The Problem of Enforcement: Virginia v. West Virginia.

A very important issue in interstate litigation is the enforce- ment of the Court’s decree, once it has been entered. In some types of suits, this issue may not arise, and if it does, it may be easily met. Thus, a judgment putting a state in possession of disputed territory is ordinarily self-executing. But if the losing state should oppose execution, refractory state officials, as individuals, would be liable to civil suits or criminal prosecutions in the federal courts. Likewise an injunction may be enforced against state officials as individuals by civil or criminal proceedings. Those judgments, on the other hand, that require a state in its governmental capacity to perform some positive act present the issue of enforcement in more serious form. The issue arose directly in the long and much litigated case between Virginia and West Virginia over the proportion of the state debt of original Virginia owed by West Virginia after its separate admission to the Union under a compact which provided that West Virginia assume a share of the debt.

The suit was begun in 1906, and a judgment was rendered against West Virginia in 1915. Finally, in 1917, Virginia filed a suit against West Virginia to show cause why, in default of payment of the judgment, an order should not be entered directing the West Virginia legislature to levy a tax for payment of the judgment.1068 Starting with the rule that the judicial power essentially involves the right to enforce the results of its exertion,1069 the Court proceeded to hold that it applied with the same force to states as to other litigants1070 and to consider appropriate remedies for the enforcement of its authority. In this connection, Chief Justice White declared: “As the powers to render the judgment and to enforce it arise from the grant in the Constitution on that subject, looked at from a generic point of view, both are federal powers and, comprehensively considered, are sustained by every authority of the Federal Government, judicial, legislative, or executive, which may be appropriately exercised.”1071 The Court, however, left open the question of its power to enforce the judgment under existing legislation and scheduled the case for reargument at the next term. Before that could occur, West Virginia accepted the Court’s judgment and entered into an agreement with Virginia to pay it.1072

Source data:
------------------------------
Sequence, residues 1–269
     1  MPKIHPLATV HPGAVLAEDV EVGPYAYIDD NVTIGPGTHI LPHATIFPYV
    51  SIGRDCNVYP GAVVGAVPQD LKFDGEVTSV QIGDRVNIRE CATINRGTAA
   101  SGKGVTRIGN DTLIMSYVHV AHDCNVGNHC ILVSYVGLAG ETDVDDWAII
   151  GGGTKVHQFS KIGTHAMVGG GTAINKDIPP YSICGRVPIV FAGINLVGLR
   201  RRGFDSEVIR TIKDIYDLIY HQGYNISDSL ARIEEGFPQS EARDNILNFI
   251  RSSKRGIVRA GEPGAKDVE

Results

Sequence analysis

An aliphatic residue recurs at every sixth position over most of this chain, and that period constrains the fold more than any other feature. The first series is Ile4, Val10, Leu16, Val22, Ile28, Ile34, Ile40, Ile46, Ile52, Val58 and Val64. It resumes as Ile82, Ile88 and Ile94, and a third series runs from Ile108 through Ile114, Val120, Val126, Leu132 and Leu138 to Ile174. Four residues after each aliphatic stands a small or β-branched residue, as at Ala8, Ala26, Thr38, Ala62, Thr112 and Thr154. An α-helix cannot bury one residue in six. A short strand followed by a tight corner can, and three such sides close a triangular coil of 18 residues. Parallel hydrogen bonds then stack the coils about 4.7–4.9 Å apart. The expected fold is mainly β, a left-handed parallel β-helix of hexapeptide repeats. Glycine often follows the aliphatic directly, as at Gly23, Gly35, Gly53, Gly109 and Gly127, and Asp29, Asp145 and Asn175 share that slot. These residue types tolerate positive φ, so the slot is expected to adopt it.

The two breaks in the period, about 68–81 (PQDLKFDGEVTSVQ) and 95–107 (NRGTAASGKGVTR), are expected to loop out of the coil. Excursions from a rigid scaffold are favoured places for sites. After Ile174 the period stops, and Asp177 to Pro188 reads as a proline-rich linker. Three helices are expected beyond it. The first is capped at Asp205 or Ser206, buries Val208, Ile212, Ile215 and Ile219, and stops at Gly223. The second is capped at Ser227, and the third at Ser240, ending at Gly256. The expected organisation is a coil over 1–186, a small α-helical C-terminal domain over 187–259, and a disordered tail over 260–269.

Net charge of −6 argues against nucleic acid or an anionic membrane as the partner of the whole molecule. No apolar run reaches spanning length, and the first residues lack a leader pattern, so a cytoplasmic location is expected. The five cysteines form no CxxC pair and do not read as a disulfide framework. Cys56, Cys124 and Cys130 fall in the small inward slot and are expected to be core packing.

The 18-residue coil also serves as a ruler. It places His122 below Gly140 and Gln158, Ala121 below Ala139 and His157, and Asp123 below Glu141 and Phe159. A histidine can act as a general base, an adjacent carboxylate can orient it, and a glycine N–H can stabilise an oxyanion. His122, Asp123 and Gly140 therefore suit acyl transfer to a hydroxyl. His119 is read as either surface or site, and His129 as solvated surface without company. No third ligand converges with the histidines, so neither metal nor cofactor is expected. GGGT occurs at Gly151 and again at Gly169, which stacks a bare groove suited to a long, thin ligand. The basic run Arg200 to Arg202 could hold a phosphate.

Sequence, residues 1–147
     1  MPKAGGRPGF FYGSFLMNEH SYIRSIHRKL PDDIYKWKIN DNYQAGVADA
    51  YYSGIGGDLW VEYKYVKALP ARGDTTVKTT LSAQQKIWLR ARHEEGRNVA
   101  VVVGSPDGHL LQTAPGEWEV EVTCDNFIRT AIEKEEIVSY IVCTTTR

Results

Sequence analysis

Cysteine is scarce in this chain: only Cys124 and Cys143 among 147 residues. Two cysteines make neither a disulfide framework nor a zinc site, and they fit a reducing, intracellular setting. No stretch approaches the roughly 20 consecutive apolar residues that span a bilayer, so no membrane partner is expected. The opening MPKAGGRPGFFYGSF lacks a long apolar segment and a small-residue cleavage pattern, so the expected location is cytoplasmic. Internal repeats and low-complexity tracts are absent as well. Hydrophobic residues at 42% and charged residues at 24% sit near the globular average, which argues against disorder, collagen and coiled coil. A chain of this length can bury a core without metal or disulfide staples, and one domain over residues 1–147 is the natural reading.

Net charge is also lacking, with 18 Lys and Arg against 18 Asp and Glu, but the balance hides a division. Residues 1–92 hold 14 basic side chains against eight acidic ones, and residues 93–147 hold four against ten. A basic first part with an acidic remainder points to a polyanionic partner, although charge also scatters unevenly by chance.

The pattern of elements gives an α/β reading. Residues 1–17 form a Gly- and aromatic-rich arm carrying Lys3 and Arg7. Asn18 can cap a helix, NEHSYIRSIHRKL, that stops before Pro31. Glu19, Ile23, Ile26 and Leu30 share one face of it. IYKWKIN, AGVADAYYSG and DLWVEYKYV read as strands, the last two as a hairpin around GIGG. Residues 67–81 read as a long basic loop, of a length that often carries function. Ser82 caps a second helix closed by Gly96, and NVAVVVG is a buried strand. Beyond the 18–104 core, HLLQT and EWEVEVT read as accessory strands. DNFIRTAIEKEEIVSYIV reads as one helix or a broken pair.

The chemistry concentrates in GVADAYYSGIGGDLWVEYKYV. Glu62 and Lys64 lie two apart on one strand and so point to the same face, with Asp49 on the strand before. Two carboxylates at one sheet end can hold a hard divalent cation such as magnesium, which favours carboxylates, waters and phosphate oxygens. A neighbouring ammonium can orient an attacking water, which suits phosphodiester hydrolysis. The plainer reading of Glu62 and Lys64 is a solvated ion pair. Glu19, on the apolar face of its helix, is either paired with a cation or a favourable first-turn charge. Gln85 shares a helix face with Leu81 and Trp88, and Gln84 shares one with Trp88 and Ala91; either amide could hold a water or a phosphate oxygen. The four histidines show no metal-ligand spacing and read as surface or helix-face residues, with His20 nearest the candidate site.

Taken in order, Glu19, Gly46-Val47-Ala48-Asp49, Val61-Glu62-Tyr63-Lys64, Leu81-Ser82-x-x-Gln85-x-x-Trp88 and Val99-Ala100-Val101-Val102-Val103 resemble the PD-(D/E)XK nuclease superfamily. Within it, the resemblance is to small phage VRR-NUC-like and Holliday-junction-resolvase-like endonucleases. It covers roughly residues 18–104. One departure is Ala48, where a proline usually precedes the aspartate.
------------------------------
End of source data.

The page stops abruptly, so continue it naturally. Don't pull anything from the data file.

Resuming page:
Footnotes

1068
The various decisions in Virginia v. West Virginia are found at 206 U.S. 290 (1907); 209 U.S. 514 (1908); 220 U.S. 1 (1911); 222 U.S. 17 (1911); 231 U.S. 89 (1913); 234 U.S. 117 (1914); 238 U.S. 202 (1915); 241 U.S. 531 (1916); 246 U.S. 565 (1918). [Back to text]
1069
246 U.S. at 591. [Back to text]
1070
246 U.S. at 600. [Back to text]
1071
246 U.S. at 601. [Back to text]
1072
C. WARREN, THE SUPREME COURT AND SOVEREIGN STATES 78–79 (1924). [Back to text]